Senate's Patience on Japanese Beef Imports Waning

Senators want USDA not to permit the importation of Japanese beef into the U.S. until Japan resumes beef trade with the U.S.

Published on: Sep 21, 2005

An amendment that would suspend USDA's rule allowing the resumption of Japanese beef imports into the U.S. passed the Senate Tuesday by a 72-26 vote. The amendment, sponsored by Sen. Ben Nelson, D-Neb., was made to the FY 2006 appropriations for Agriculture, Rural Development, Food and Drug Administration, and Related Agencies and mandates that no funds be expended on the development of the final rule to resume imports of Japanese beef unless the President certifies that two-way beef trade has resumed.

Concurrently, a non-binding "Sense of the Senate" resolution sponsored by Sen. Wayne Allard, R-Col., passed by voice-vote. The resolution urges the U.S. Government to "not permit the importation into the United States of beef from Japan until the Government of Japan takes appropriate actions to permit the importation into Japan of beef from the United States."

The two amendments will be re-considered when representatives from the House and Senate meet to settle differences between their respective FY 2006 Agriculture Appropriations bills since neither measure is included in the House version.

Nelson and Allard also led a bipartisan group of U.S. Senators in urging President Bush to make "restoring market access for U.S. beef to Japan your highest economic priority with Japan," noting that the continued closure was costing the U.S. cattle industry $100 million each month.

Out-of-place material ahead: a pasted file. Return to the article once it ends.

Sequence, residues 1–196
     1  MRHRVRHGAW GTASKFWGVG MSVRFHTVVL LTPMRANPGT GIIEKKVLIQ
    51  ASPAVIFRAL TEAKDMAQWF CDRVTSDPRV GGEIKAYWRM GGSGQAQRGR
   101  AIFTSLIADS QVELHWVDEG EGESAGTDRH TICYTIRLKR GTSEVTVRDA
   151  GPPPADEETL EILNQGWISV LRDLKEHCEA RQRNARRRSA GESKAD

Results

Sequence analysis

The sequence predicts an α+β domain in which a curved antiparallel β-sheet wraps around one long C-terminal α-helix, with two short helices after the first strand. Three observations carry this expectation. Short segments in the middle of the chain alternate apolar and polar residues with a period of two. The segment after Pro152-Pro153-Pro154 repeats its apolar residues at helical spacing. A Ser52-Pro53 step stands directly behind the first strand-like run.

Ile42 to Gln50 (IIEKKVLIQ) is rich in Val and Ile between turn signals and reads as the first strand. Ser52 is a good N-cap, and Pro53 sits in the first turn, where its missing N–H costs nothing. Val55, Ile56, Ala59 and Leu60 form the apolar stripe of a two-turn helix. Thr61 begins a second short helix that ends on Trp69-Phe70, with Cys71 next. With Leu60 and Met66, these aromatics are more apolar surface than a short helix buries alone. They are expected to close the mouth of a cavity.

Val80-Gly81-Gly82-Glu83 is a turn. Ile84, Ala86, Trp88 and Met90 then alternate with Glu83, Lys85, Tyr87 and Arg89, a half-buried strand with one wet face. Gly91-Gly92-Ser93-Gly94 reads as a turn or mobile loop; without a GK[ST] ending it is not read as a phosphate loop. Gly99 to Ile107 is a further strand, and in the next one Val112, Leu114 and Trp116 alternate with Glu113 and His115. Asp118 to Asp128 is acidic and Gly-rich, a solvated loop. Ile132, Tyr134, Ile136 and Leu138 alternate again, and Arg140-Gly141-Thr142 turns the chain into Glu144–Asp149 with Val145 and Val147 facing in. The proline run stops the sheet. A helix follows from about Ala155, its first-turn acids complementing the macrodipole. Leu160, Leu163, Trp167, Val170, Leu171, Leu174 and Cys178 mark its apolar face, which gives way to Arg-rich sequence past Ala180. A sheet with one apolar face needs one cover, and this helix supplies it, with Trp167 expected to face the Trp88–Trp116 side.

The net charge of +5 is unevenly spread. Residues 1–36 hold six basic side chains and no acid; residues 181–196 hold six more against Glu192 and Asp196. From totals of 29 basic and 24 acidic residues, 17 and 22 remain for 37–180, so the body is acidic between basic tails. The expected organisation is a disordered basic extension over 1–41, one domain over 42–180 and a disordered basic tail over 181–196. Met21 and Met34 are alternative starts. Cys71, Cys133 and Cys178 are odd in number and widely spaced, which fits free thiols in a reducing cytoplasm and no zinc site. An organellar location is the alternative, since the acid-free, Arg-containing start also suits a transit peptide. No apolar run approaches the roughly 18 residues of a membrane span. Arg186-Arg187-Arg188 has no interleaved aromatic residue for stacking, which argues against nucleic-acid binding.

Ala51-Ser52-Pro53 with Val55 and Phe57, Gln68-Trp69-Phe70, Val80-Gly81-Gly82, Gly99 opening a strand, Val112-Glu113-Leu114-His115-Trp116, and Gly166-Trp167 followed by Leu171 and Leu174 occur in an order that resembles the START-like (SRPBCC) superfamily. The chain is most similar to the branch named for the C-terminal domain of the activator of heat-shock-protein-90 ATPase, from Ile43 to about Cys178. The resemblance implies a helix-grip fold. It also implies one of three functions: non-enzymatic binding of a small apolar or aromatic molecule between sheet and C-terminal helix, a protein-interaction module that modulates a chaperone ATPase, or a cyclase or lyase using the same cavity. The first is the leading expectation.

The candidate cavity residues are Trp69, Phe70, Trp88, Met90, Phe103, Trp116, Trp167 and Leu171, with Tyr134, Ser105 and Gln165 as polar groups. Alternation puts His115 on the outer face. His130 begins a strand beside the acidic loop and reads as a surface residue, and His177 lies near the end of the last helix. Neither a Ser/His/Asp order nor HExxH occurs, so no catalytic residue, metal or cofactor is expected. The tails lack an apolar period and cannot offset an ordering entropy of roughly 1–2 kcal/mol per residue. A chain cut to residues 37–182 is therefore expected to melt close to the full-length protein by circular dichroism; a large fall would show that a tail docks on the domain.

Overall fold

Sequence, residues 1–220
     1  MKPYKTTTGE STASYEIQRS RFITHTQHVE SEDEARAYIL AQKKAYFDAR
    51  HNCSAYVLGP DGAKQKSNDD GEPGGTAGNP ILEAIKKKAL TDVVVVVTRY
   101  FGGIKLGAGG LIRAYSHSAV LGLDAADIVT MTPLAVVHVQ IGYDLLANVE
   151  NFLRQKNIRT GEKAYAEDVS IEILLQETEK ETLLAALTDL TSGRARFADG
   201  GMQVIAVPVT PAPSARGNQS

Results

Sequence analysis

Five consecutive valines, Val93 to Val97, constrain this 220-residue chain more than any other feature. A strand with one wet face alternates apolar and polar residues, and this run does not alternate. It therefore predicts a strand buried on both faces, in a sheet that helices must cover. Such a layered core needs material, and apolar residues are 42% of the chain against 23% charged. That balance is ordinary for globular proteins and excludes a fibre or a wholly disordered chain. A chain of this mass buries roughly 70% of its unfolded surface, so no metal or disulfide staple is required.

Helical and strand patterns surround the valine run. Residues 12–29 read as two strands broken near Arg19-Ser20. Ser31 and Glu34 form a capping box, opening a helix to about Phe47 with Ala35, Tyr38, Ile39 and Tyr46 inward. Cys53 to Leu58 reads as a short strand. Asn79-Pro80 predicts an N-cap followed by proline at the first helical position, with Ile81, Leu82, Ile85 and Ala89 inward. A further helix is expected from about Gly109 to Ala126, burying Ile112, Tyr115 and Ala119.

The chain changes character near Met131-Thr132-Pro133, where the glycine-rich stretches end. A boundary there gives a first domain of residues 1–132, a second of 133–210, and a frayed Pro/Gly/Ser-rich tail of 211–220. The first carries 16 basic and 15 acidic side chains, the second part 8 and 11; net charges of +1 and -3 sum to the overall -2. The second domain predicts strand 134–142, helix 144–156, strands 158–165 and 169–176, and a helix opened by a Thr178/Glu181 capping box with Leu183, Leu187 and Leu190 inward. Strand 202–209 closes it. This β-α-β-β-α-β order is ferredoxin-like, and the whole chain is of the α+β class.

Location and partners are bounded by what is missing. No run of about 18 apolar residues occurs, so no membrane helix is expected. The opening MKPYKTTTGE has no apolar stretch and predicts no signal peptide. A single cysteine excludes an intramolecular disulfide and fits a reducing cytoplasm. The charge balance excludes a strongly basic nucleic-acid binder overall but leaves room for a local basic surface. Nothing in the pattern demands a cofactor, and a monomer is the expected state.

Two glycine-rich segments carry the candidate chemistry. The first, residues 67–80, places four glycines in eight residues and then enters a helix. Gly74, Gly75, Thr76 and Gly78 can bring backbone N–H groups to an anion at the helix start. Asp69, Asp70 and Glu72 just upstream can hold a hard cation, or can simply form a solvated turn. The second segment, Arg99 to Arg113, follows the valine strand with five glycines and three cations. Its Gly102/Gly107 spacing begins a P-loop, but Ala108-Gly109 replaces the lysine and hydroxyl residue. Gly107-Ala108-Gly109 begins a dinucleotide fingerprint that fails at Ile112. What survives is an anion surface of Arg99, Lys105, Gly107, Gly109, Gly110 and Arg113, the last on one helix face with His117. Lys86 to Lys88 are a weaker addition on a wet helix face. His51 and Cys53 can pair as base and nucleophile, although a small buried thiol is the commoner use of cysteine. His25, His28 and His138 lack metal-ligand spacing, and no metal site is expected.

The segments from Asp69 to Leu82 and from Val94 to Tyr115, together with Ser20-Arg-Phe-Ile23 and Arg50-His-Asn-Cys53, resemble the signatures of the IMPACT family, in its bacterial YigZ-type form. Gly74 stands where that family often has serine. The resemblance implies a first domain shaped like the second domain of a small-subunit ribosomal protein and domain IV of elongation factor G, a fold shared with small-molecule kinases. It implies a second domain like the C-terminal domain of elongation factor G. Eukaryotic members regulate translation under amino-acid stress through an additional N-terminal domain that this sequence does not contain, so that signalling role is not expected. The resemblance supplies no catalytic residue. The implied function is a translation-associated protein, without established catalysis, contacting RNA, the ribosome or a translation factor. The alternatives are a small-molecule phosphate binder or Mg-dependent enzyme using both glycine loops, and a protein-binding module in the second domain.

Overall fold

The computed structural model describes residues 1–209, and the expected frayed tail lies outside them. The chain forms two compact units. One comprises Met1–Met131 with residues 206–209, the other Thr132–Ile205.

The letter, signed by 19 senators, reminds the President that in the 20 months since BSE was first diagnosed in the U.S., the United States Department of Agriculture (USDA) has implemented "new, scientifically sound BSE controls and substantially expanded its surveillance program." They mention the importance of the beef industry to America's rural communities, and add that the U.S. meat industry has lost nearly 10,000 jobs since BSE was first diagnosed in the U.S., mostly due to lost export markets.

The signatories to the letter, who also included Sens. Pat Roberts, R-Kan., Craig Thomas, R-Wyo., Norm Coleman, R-Minn., Trent Lott, R-Miss., Mike Crapo, R-Idaho, Conrad Burns, R-Mont., Larry Craig, R-Idaho, Patty Murray, D-Wash., Jim Inhofe, R-Okla., Sam Brownback, R-Kan., John Thune, R-S.D., John Cornyn, R-Texas, Jim Talent, R-Mo., Gordon Smith, R-Ore., Kit Bond, R-Mo., Chuck Hagel, R-Neb. and Blanche Lincoln, D-Ark., add that given the importance of restoration of trade to their constituents, they "will consider action on measures to address this in the remaining weeks of this Congressional session."